Nothing should be imposed to slow down the current excellent recruiting effort if we are to ensure that servicemen and women and their families are happy individuals; are enjoying their role and the military way of life; are taking part in sport and adventure training; have more time with their families and time to learn

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more military skills, attend more courses and obtain civil qualifications. Fully recruited Armed Forces will provide retention and, in any event, those who do leave will do so as satisfied sailors, soldiers and airmen, who should draw others into the services.

Overstretch is at a critical level, and the Army is 5,000 personnel under strength. There are currently 4,000 established posts which cannot be filled. In addition, a further 2,000 posts have been identified over and above the existing establishment, and if the Army is to be run efficiently in the future, it needs to expand.

Finally, I welcome women in the services. The Army has 70 per cent. of its posts open to women, and let us see how they respond to those careers before we put them in armoured and infantry units.

The Strategic Defence Review will be not only of great importance to the United Kingdom, but of critical importance to the Armed Forces themselves. Countless officers, non-commissioned officers, men and women, have been staying in the services to evaluate how the Strategic Defence Review will affect them. There will be a great exodus, like a tidal wave, if the Strategic Defence Review results do not bring significant improvements and show positive proposals, or if it is presented in a poor and unimaginative way.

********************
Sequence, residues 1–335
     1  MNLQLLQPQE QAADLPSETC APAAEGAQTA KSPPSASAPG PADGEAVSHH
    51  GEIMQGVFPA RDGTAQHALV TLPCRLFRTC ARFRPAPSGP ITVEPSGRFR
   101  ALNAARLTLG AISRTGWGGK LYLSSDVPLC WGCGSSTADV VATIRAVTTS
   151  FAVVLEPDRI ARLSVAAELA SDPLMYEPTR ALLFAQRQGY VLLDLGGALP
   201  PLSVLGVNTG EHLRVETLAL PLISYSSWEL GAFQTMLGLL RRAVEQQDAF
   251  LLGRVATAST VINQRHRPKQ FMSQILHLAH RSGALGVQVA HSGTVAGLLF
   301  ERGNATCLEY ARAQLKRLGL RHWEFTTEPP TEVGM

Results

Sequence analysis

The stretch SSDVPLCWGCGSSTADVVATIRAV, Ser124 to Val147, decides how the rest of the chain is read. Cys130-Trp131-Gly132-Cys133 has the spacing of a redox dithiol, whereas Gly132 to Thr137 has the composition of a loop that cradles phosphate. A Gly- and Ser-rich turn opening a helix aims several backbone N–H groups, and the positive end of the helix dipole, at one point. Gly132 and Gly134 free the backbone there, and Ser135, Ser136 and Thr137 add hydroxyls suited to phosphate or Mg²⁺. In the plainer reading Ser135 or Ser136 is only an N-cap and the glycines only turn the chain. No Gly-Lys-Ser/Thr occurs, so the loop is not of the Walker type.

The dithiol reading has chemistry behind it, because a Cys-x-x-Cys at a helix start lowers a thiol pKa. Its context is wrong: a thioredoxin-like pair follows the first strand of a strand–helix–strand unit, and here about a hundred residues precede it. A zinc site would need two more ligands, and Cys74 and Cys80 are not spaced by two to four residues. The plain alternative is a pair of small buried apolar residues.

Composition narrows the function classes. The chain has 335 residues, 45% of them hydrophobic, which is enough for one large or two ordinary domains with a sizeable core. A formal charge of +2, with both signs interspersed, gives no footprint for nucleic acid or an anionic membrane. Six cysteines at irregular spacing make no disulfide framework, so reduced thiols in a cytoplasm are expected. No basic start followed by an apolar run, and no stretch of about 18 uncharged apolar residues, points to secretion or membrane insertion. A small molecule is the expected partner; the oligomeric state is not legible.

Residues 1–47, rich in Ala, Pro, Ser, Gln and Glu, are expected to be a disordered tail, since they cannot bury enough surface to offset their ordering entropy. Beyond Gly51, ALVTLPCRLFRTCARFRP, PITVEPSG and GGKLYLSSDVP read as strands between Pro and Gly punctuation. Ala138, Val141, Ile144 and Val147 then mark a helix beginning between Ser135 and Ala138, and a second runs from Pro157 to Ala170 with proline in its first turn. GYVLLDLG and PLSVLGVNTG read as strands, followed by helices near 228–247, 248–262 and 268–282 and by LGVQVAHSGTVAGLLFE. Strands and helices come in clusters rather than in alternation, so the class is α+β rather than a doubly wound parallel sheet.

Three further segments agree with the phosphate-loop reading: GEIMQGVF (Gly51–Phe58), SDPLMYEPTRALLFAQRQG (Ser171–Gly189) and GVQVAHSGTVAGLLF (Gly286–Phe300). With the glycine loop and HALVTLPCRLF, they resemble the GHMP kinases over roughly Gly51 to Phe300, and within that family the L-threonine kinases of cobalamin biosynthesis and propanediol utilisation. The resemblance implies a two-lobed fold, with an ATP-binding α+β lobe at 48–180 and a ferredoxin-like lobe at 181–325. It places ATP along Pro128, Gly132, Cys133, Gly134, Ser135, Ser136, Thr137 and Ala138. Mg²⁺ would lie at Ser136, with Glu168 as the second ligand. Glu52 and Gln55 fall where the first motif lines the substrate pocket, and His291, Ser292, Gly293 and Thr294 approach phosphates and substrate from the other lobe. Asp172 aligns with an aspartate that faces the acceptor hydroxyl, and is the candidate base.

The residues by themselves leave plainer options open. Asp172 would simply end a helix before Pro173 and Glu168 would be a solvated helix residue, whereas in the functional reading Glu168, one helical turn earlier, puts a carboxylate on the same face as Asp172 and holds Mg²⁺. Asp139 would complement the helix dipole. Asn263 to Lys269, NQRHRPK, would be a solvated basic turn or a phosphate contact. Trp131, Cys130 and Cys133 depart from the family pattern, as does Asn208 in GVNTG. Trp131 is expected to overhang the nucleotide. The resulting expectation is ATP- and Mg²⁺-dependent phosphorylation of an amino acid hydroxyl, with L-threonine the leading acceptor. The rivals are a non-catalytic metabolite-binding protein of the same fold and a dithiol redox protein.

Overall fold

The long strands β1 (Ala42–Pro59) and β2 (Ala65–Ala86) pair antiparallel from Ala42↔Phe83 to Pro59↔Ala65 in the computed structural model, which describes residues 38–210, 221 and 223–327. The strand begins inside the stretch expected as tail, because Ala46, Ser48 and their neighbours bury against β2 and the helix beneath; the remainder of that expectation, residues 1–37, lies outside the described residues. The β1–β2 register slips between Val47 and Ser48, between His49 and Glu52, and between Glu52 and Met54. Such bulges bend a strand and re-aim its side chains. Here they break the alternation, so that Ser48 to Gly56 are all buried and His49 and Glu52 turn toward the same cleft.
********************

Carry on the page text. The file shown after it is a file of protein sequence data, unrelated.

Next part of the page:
7.58 p.m.

Lord Goodhart: My Lords, I have listened with very great respect to the words of the noble and gallant Lord, Lord Inge. My respect is increased by the fact that the highest rank I attained in the Armed Forces was that of a lieutenant in the Territorial Army. I do not want to deal, since I am not qualified to do so, with the personnel matters that he discussed. However, I do wish to deal briefly with the legal matters.